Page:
Nevertheless, the news gave Henderson the opportunity to show he could be transparent by releasing the dates and locations of all of his meetings with St. Petersburg Mayor Rick Kriseman and other St. Petersburg staff.

Henderson was also happy to announce he received the fourth draft of an agreement between the two cities about the sewage dump. Henderson said the latest draft included all of his city’s requests. It will be presented to City Council at Gulfport’s next meeting in April – the same meeting where Henderson will be sworn in for another term.

Henderson was first elected as mayor in 2013. Before that, he was on City Council.

Round up of Pinellas County municipal races

All eyes were on Florida Tuesday night in the winner-take-all Presidential Preference Primary, but several municipal elections were also on the ballot.

Here is a roundup of Pinellas County races:

Clearwater

Clearwater City Council member Jay Polglaze lost his seat to Bob Cundiff. Cundiff brought in 55 percent of the vote.

Cundiff is a 70-year-old St. Petersburg College teacher. He teaches speech communication and public speaking. This is his first bid for elected office.

Polgaze sought his second term after being elected in 2012. He’s now vice mayor. Polgaze worked for the U.S. Postal Service 29 years and is a U.S. Army veteran.

Polgaze is also an executive board member for the American Cancer Society of Pinellas and on the Citizens Advisory Council of the Pinellas County Metropolitan Planning Organization.

Clearwater Mayor George Cretekos and council member Doreen Hock Di-Polito both ran unopposed for re-election this year. In addition to the Polgaze/Cundiff matchup, there wer seven charter amendments on the Clearwater municipal ballot.

Belleair

In the town of Belleair it was a tale of two Toms. Tom Kurey and Tom Shelley were elected to the town commission with 47 percent and 45 percent of the vote respectively. Spencer Connerat came in with just 8 percent of the vote.

Kurey has been on the town’s finance committee as well as the Police Pension Board since 2012. Shelley has been a commissioner since 2005.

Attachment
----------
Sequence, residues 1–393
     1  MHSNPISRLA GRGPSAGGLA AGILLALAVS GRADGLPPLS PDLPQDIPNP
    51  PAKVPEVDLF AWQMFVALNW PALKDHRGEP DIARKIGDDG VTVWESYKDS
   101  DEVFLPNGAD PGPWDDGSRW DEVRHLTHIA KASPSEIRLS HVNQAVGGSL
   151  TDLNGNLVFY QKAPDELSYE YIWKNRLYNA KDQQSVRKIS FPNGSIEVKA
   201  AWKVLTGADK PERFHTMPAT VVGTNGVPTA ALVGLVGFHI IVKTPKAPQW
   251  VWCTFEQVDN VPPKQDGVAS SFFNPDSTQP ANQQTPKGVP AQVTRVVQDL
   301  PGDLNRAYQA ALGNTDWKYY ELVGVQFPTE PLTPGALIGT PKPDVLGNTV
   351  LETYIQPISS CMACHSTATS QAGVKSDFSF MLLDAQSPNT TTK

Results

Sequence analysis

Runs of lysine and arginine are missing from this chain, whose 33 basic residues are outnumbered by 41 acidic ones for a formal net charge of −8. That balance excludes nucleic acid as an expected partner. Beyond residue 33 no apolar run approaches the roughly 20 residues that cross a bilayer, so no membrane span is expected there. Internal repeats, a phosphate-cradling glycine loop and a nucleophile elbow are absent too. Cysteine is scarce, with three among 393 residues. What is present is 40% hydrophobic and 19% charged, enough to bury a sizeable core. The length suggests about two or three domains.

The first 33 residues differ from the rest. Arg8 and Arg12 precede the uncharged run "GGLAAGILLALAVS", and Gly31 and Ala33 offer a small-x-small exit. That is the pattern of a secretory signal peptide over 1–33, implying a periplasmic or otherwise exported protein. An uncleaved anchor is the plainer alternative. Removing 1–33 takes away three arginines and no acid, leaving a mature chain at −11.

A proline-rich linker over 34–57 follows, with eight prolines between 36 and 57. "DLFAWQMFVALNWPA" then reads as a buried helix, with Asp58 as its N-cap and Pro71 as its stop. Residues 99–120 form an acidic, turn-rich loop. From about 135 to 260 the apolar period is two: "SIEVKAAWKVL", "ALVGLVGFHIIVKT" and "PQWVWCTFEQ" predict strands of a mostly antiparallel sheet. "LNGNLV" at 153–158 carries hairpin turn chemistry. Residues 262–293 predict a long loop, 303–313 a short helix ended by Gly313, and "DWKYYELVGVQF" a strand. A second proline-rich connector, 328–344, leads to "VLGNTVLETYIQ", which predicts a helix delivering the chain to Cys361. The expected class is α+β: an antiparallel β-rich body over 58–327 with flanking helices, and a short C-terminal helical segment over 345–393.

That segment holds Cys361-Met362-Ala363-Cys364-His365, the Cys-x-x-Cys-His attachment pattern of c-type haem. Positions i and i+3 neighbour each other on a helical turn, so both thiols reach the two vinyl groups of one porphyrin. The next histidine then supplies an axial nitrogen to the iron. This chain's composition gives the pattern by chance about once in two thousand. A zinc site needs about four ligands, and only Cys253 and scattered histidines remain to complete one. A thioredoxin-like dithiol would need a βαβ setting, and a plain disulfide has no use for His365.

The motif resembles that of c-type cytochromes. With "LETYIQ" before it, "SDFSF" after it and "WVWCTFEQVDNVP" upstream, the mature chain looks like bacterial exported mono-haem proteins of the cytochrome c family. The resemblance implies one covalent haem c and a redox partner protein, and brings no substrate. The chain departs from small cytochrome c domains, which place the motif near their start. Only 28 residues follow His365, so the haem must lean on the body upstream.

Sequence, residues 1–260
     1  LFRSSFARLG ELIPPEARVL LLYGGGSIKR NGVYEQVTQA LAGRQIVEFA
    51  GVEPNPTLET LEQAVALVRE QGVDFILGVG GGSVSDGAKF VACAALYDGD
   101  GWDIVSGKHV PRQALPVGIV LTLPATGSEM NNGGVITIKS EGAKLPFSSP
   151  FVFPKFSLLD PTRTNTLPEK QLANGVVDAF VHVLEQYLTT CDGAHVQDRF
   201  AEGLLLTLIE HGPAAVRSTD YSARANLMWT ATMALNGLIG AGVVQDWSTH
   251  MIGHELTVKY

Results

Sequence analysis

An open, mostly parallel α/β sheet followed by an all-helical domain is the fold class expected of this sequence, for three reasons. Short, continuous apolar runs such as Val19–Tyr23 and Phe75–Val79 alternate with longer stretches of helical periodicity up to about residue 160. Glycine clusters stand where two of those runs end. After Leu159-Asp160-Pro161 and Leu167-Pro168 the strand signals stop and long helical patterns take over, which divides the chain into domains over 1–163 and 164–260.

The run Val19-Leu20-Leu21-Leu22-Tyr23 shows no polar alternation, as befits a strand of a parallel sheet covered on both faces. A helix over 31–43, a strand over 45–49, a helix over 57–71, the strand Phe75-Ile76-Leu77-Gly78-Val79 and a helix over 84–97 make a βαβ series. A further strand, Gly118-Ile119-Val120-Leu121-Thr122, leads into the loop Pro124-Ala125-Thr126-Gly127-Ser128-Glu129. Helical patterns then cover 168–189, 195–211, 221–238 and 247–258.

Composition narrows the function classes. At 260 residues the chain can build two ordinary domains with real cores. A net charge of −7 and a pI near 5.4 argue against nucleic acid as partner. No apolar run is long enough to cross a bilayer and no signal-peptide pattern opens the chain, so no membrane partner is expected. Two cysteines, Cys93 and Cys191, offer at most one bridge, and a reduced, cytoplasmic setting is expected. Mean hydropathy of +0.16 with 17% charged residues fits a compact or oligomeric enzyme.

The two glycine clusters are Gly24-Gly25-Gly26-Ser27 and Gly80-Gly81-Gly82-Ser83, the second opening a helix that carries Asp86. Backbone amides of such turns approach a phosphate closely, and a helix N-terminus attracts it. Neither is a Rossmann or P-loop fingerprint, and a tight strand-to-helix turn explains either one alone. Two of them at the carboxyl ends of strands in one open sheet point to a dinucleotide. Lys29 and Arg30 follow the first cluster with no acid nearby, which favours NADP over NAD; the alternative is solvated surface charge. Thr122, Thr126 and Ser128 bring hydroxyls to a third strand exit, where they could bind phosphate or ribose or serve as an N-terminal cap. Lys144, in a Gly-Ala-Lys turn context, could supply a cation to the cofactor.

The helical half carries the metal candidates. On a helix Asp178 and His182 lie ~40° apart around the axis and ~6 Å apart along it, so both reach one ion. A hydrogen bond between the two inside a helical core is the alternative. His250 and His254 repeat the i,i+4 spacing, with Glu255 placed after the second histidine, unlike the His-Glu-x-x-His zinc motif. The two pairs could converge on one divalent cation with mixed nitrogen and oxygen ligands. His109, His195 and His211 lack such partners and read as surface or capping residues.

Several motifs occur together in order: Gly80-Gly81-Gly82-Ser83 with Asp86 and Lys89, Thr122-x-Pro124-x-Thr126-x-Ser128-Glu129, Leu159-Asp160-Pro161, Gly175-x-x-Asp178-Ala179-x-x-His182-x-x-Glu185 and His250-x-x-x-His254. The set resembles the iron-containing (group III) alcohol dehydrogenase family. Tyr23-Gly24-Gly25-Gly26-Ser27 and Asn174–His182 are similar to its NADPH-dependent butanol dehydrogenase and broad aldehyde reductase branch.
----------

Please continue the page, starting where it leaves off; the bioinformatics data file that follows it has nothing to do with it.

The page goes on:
Indian Rocks Beach

Indian Rocks Beach Mayor and Commissioner R.B. Johnson won re-election against Bert Balery with 72 percent of the vote.

Oldsmar

In Oldsmar, Jerry Beverland defeated Becky Afonso for City Council Seat 4 61 percent to 39 percent. Beverland has been mayor 10 years and a councilman 15. Those figures account for just early voting and partial mail ballots counted.

Pinellas Park

In Pinellas Park, incumbent Mayor Sandra Lee Bradbury defeated longtime city staffer Keith Sabiel. Bradbury was elected to city council in 2002, re-elected in 2006 and 2010, and then elected mayor in 2014. She’s the daughter of former Mayor Cecil Bradbury.

South Pasadena

South Pasadena Commissioner Max Elson bested Mayor Dan Calabria for the seat after contention on the City Commission led to calls among members to fire Calabria. Elson won with 70 percent of the vote.

St. Pete Beach

Educator Terri Finnerty defeated incumbent St. Pete Beach Commissioner Lorraine Hugn. And Ward Friszolowski defeated Deborah Schenechner for the open District 3 seat.

Tarpon Springs

In Tarpon Springs, Chris Alahouzos defeated Frank DiDonato for that city’s top spot after Alahouzos far out-spent DiDonato in the race.

The city also re-elected Susan Miccio Slattery for the Commission’s Seat 3.

Treasure Island

Treasure Island will have a new City Commissioner covering the area in and around Sunset Beach. Ken Keys defeated incumbent Alan Bildz with 58 percent of the vote.

Contests in many of those races were called based on early voting.